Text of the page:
James Sherr, associate fellow at Chatham House think tank, said developments in Crimea have lain bare the damage wrought over the four-year rule of President Viktor Yanukovych, who was ousted in a popular uprising in February. He said the professionalization of Ukraine’s military was greatly reduced after Yanukovych was elected in 2010 and that its command-and-control links were disrupted or damaged.
“In the last few days and weeks of his presidency, vital communications records were destroyed,” Sherr said. “Reserves, equipment holdings were cleaned out. Cleaned out, probably sold.”
Yanukovych’s plan to turn the military into an all-volunteer force – last fall’s draft was the last one – was by most experts’ analysis performed hastily and further eroded troop readiness.
It wasn’t always this way.
In 2003, Moscow-commanded forces made a lunge for an island in Kerch Strait, which separates Crimea from Russia, but were quickly rebuffed by Ukraine. Mobilization in Crimea was swift, with navy and border guards placed on full alert.
Rebuilding that level of efficiency will require time and assistance, including from the West. That has been in little supply so far.
Reported Ukrainian requests for military hardware have so far gone unmet, and the U.S. has limited itself to supplying $3 million worth of non-lethal field rations.
“This is a very discouraging message in these circumstances, which I think very few in Washington (understand),” Sherr said.
Leading candidates for Ukraine’s May 25 presidential vote have championed revamping the military, but the country’s dire finances mean those promises are likely just rhetoric. The International Monetary Fund has recently agreed to loan Kiev up to $18 billion just to get the country through the next two years.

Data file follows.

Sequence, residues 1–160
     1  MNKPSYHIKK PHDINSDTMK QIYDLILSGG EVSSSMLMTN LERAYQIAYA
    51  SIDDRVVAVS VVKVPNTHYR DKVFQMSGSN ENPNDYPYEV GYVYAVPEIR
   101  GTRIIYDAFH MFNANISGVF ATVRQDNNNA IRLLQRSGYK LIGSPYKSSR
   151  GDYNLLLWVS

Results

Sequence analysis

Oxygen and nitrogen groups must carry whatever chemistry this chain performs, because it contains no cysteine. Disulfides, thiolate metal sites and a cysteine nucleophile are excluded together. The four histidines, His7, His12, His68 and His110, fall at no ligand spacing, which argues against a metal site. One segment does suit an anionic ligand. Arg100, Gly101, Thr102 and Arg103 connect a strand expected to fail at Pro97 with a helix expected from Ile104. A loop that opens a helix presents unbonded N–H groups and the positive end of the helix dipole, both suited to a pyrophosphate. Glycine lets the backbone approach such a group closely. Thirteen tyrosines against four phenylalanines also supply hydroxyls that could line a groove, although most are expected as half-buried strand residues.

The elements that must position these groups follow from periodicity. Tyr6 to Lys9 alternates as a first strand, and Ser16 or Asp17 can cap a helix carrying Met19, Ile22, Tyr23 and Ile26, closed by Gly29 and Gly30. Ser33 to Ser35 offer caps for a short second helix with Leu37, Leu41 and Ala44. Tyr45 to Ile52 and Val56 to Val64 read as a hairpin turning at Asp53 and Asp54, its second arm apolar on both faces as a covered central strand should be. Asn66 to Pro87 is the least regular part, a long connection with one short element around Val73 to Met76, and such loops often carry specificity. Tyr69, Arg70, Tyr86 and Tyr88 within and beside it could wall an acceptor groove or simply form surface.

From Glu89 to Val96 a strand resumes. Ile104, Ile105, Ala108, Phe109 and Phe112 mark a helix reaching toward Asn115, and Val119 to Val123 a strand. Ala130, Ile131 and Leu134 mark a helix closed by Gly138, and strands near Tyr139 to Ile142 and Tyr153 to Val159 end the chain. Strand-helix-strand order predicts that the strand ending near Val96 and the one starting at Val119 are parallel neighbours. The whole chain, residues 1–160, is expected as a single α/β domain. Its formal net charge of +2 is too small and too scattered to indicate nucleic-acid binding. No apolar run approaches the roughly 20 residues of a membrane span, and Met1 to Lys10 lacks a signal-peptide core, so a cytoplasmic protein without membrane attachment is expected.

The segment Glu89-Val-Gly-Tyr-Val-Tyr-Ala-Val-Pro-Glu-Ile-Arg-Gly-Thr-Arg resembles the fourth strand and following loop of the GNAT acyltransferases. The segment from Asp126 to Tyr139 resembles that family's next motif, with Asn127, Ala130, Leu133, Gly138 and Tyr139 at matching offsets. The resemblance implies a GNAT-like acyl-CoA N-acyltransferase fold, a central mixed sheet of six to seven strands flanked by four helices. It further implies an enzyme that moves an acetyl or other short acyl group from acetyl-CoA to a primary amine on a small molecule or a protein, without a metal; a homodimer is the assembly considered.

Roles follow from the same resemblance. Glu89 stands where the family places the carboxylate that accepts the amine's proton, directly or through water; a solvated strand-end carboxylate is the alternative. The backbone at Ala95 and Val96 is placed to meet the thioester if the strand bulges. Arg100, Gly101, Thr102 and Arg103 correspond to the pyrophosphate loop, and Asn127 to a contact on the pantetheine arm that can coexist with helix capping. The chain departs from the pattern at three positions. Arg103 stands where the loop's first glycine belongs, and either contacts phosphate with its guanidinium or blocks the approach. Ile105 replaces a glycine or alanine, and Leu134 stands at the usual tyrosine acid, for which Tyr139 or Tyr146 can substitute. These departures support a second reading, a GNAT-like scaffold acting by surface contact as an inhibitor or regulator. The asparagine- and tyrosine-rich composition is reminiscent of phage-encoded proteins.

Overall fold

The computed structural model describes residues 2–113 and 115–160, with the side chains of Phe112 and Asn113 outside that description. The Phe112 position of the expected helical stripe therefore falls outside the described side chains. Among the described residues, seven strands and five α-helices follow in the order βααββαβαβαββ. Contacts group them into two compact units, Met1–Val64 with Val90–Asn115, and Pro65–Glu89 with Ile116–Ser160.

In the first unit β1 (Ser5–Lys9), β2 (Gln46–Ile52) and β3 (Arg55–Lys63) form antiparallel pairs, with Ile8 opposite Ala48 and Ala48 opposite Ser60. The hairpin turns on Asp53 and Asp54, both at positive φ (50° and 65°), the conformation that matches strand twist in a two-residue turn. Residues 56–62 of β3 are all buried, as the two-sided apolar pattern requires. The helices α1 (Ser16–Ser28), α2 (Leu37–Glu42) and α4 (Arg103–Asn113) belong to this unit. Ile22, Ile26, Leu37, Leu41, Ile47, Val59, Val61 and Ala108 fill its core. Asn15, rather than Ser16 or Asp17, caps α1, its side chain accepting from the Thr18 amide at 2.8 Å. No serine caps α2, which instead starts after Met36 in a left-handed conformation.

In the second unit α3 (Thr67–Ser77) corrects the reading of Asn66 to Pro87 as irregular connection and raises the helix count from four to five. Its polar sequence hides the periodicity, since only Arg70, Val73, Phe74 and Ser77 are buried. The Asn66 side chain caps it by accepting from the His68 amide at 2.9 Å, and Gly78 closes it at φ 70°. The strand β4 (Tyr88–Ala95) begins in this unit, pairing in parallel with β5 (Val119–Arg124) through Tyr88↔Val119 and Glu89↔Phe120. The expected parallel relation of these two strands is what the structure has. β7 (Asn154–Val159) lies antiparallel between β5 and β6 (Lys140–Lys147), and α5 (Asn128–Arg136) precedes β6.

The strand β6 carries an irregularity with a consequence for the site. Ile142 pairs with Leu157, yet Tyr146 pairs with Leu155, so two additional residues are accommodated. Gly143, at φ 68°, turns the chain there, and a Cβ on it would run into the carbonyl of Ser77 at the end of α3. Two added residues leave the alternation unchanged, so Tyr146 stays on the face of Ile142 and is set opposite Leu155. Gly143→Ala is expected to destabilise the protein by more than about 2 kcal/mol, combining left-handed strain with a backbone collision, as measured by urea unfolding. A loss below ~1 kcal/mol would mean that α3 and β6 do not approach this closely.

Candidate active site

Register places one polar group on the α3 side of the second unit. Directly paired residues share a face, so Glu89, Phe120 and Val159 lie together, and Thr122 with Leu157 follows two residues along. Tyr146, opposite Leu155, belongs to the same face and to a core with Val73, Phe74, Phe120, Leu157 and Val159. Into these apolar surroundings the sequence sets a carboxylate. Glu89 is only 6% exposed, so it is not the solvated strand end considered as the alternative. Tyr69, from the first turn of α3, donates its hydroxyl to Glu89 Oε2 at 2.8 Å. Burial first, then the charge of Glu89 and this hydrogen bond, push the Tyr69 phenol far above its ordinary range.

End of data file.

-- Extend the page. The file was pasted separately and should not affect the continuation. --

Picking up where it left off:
“Given the economic situation in Ukraine, it will cost them an enormous amount of money to buy the equipment and to rebuild the infrastructure that they need to defend themselves against Moscow,” said Blank of the American Foreign Policy Council. “They don’t have that kind of money and they won’t for a long time.”
Instead, the priority may fall on adopting a revised military posture. The bulk of Ukraine’s forces are currently based in its western regions, far from the country’s eastern border with Russia, which now appears the most likely site for an attack.
On Saturday in Luhansk province, 20 kilometers (12 miles) from the Russian border, Ukrainian soldiers were patrolling one of the many military encampments that have sprung up. Its tents, foxholes and barbed-wire perimeter fence were a temporary quick fix in what analysts say will be a costly readjustment to addressing a potential eastern threat.
If there is one area where Ukraine could in principle do Russia some harm, it’s weapons manufacturing. Ukrainian state-owned weapons conglomerate Ukroboronprom has announced it would stop deliveries to Russia, pending the continuation of diplomatic hostilities.
“That might be very serious, because without parts and elements produced for Russian weapons systems … Russia might have nothing to export,” said Sutyagin of the Royal United Services Institute.
He said a little over half of Russia’s strategic warheads are carried by missile systems that are either Ukrainian-designed and produced or rely on key Ukrainian components.
Military analysts see Ukraine’s main asset as being a determined fighting force that might be vastly outgunned but is willing to make greater sacrifices.
“Ukrainians … are very highly motivated to fight for their country and for their independence,” Sutyagin said. “It is not that clear whether Russian servicemen would be willing to die for their orders.”
Jill Lawless in London contributed.